Adopting sound policy

the line on targets is less important to the Adoption and Permanence Task Force
than tackling the crisis in child care. Frances Rickford reports.

social service departments are now preparing to say goodbye to their visitors from
the Adoption and Permanence TaskForce as the next batch get ready to meet

task force was set up by the government a year ago as one of a series of
initiatives in support of its policy to boost adoption. Since then the Adoption
and Children Bill has been published, along with a target increase of 40 per
cent in adoptions over five years. Last month saw the publication of a new set
of national standards on adoption for England which impose tight deadlines for
decisions about the future of individual children looked after – standards
which will be used by the National Care Standards Commission as a basis for
inspecting adoption services.

the Adoption and Permanence Task Force might be expected to be out there
pushing social services departments to get more children adopted more quickly.
But according to the task force’s director Mike Lauerman, that is not its

is just one part of the whole children looked after system, and I don’t think
it would be helpful for us to say we are here to help you increase adoptions.
We are there to help authorities achieve performance improvements, which might
lead to an increase in adoptions. But primarily it is about promoting good
professional practice. That means making sure there is a clear focus on the
needs of the child, with a good assessment and a carefully prepared plan, which
is done in a way that doesn’t leave children drifting."

task force is, in effect, a highly qualified team of specialist management
consultants, and provides an example of how local authorities and the voluntary
sector can share their own considerable expertise and experience instead of
always buying it in from costly private sector consultants. More than half its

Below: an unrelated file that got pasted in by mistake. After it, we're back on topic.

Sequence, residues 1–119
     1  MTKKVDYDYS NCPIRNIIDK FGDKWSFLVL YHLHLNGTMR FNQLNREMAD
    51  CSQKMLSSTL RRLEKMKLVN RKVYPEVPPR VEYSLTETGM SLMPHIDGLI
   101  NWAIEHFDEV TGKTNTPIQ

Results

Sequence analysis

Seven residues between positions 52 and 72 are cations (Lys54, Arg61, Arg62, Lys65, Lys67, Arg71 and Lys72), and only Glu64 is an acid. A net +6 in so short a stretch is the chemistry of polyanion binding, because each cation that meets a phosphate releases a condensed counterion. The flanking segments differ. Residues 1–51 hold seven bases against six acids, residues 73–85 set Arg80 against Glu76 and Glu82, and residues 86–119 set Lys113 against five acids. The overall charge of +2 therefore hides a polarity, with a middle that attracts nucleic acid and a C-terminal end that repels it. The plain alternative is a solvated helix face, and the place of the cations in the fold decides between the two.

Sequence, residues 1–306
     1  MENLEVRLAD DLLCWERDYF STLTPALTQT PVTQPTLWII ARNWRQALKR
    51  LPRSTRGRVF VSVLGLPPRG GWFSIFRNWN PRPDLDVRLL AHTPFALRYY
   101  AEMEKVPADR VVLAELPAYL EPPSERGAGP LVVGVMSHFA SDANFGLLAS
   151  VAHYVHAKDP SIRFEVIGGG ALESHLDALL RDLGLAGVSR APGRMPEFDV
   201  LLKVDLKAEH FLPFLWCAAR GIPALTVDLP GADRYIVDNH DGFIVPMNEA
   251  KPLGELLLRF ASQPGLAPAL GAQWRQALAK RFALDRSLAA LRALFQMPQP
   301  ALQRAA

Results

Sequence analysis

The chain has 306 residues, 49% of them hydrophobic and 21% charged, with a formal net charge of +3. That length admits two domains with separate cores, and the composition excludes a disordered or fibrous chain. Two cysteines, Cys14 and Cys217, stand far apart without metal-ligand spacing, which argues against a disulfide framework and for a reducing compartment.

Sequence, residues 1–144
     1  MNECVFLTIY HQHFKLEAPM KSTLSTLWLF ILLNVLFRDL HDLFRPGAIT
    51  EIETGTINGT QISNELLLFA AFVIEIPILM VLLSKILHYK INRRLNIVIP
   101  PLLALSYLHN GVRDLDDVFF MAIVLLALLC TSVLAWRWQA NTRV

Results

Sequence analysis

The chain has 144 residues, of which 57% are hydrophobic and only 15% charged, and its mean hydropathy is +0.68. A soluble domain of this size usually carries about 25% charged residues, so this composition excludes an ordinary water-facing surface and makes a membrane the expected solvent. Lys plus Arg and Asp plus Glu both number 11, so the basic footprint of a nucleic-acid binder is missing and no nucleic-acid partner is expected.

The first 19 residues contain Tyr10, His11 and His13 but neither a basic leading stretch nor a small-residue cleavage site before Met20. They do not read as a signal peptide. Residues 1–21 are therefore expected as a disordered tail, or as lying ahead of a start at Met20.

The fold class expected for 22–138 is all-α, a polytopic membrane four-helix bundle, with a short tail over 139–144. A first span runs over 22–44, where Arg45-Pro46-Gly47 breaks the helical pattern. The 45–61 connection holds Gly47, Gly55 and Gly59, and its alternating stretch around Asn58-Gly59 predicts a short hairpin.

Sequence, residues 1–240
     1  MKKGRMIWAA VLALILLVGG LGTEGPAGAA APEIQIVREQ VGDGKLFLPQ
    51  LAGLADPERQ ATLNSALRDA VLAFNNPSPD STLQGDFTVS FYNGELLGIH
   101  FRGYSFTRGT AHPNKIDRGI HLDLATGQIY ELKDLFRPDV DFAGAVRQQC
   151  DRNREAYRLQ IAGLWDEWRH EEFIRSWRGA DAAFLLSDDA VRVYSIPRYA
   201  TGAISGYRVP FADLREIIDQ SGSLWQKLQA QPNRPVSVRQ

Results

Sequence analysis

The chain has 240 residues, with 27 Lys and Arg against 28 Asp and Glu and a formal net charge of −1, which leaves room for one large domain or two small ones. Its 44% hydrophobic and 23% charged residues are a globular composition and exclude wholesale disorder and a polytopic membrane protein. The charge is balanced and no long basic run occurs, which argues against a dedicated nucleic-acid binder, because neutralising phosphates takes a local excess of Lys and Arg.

members are currently employed by local authority social services departments
and the rest have extensive experience in the adoption field.

Crank, director of the Manchester-based post-adoption agency After Adoption is
a member of the task force and led one of the task force groups.

believes staff shortages lie at the heart of the problem. "It is very
difficult to separate adoption from the rest of an authority’s child care
system, and it wouldn’t be surprising to find that if the child care system as
a whole was in difficulty, adoption wasn’t happening either. Because of staff
shortages there is very low morale in many local authorities, and the systems
that should be in place just aren’t there."

whose organisation works closely with birth parents who have lost children to
adoption, has been surprised to discover that even babies and young children
voluntarily relinquished by their own parents are not always placed for
adoption promptly. "In authorities where perhaps a child has died, social
services may have put a lot into improving child protection, leaving services
for looked after children under-resourced," says Crank.

the same, she believes her own team, in partnership with managers and staff,
was able to make a difference. "We went in and said we were there to help.
With their staff, we looked at the organisation from the point of view of a
child coming into care, and together did an audit of their children, looking at
those with no permanency plans."

such "drift" for children in care is a key aim of the National
Adoption Standards for England. For the first time, local authorities will be
required to make a plan for permanence for every child in care by the second
review meeting – when the child has been looked after for just four months. Put
together with the ambitious 40 per cent increase in adoptions the government is
expecting by March 2005, the standards will cause concern to those who fear
children may be adopted out of their own families too hastily.

Roberts’ own children have been in local authority care, and she is now a
spokesperson for charity Altogether For Dignity (ATD) Fourth World, which works
with families in deep poverty.

are very concerned about the push to increase adoptions. Most children who are